European Union to cut off continued high-technology exports to Iran beyond whatever was required by United Nations sanctions.

4. The U.S. actually did share what it knew about the hexaflouride transfer with senior IAEA officials earlier in the l990s but asked that the IAEA not do anything to reveal that the agency had this information.  Only after 2002 did the U.S. make it public and authorized the IAEA to confirm the transaction publicly.  Interviews with a senior former IAEA official and a former U.S. assistant secretary of state.   

5. See, U.S. Congressional Research Service, Shirley Kan and Mark Holt, “U.S. – China Nuclear Cooperation Agreement,” December 13, 2005 (Washington, DC:  Order Code RL33192), available  

6. Interview with former senior U.S. State Department official. 

7. U.S. CRS, “U.S.-China Nuclear Cooperation,” note 4 above.

8. U.S. Congressional Research Service, Kenneth Katzman, “Iran Sanctions,” December 9, 2009 (Washington, DC: US CRS, RS20871, December 9, 2009), p. 17 ff., available at  

9. See, Joby Warrick, Evidence of Iran’s Nuclear Arms Expertise Mounts,” The Washington Post, December 15, 2009; Institute for Science and International Secuirty, “Update on the Arak Reactor in Iran,” ISIS Report, August 11, 2009; available at­reports/documents/Arak_Update_25_August2009.pdf; and Congressman Jeff Fortenberry, Dear Colleague letter, May 24, 2010, “Does Russia Want Nuclear Cooperation with the United States or with Iran and Syria? Available at­with-russia-should-be-stopped.shtml  

10. For an excellent analysis along these lines, see, e.g., David Wurmser, Tyranny’s Ally: America’s Failure to Defeat Saddam Hussein (Washington DC: American Enterprise Institute, 1999).  Mr. Wurmser served on Vice President Cheney’s national security staff.

11. See, Therese Delpech, “Strategic Implications of the Iranian Nuclear Program,” presented at the Aspen European Strategy Forum, Berlin Germany, 22-24 September 2010.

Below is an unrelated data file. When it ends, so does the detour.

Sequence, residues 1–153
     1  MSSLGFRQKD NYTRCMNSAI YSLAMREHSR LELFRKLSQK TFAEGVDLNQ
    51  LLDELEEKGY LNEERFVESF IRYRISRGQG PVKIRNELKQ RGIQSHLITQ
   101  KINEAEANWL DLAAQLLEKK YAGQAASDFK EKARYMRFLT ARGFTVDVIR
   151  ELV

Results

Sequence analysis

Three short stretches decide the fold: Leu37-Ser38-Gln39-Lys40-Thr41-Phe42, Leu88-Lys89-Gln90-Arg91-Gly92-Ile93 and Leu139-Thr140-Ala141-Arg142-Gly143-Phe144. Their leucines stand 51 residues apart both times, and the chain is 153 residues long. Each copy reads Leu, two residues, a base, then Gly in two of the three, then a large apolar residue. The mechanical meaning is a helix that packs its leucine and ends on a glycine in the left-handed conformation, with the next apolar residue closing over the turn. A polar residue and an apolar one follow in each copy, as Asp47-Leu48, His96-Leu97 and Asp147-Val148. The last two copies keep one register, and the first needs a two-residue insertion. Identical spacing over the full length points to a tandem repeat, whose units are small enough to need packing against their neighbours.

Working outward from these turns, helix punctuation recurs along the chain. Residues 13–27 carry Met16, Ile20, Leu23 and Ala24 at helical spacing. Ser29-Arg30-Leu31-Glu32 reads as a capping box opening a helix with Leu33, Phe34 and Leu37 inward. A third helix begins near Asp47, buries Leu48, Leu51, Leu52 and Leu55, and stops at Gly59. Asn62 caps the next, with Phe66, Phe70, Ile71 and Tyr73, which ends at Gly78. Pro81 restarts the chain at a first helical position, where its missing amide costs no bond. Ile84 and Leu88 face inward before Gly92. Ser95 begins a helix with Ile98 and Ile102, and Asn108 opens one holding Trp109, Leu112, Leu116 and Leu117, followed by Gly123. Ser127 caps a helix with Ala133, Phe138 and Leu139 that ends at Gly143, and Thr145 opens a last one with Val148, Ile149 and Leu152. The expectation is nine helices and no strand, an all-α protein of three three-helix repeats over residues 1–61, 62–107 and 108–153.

12. See United Nations, “2010 Review Conference of the Parties to the Treaty on the Non-Proliferation of Nuclear Weapons Final Document,” as revised June 18, 2010, NPT/CONF.2010/50 (Vol. I), available at

13. Private meeting with senior U.S. State Department policy planning officials, September 2005.

14. See, Henry Sokolski, “Policy Implosion, Bush Backs Moscow’s Fueling of Bushehr,” December 21, 2007, National Review Online, available at  

15. See, “2010 Review Conference of the Parties to the Treaty on the Non-Proliferation of Nuclear Weapons,” NPT/CONF.2010/1.2 paragraphs 32-56; May 27, 2010 ,available at  

16. See Idem., paragraph 79.

17. See, “2000 Review Conference of the Parties to the Treaty on the Non-Proliferation of Nuclear Weapons Final Document,” NPT/CONF.2000/28 (Parts I and II), p. 3, available at  

18. See, Thomas B. Cochran, “Adequacy of IAEA’s Safeguards for Achieving Timely Detection,” in Henry D. Sokolski, editor, Falling Behind: International Scrutiny of the Peaceful Atom (Carlisle, PA: Strategic Studies Institute, 2008), pp. 121-58, available at

19. See Henry Sokolski, “The Nuclear Nonproliferation Treaty’s Untapped Potential to Prevent Proliferation,” in Henry D. Sokolski, editor, Reviewing the Nuclear Nonproliferation Treaty (Carlisle, PA:  Strategic Studies Institute, 2010), pp. 3-13, available at  

20. See J. Whichello, J. Regula, K. Tolk, and M. Hug, “A Secure Global Communications Network for IAEA Safeguards and IEC Applications,” IAEA User Requirements Document, May 6, 2005.

21. See, Matt Kelley, "Pakistan Threatened to Give Iran Nukes," Associated Press, February 27, 2004.

22. Memorandum for the President, Israeli Nuclear Program, Henry Kissinger, July 19, 1969. Available upon request to the author.

23. See “Saudis Bargain with Russia over Iran Missile,” RT, August 12, 2010, available at and Pavel Felgenhauer, “The ‘Unravelling Relationship’ between Russia and Iran,” BBC, 24 July, 2010, available at­10684110.  

The Nonproliferation Policy Education Center (NPEC), is a 501 (c)3 nonpartisan, nonprofit, educational organization
founded in 1994 to promote a better understanding of strategic weapons proliferation issues. NPEC educates policymakers, journalists,
and university professors about proliferation threats and possible new policies and measures to meet them.
1600 Wilson Blvd. | Suite 640 | Arlington, VA 22209 | phone: 571-970-3187 |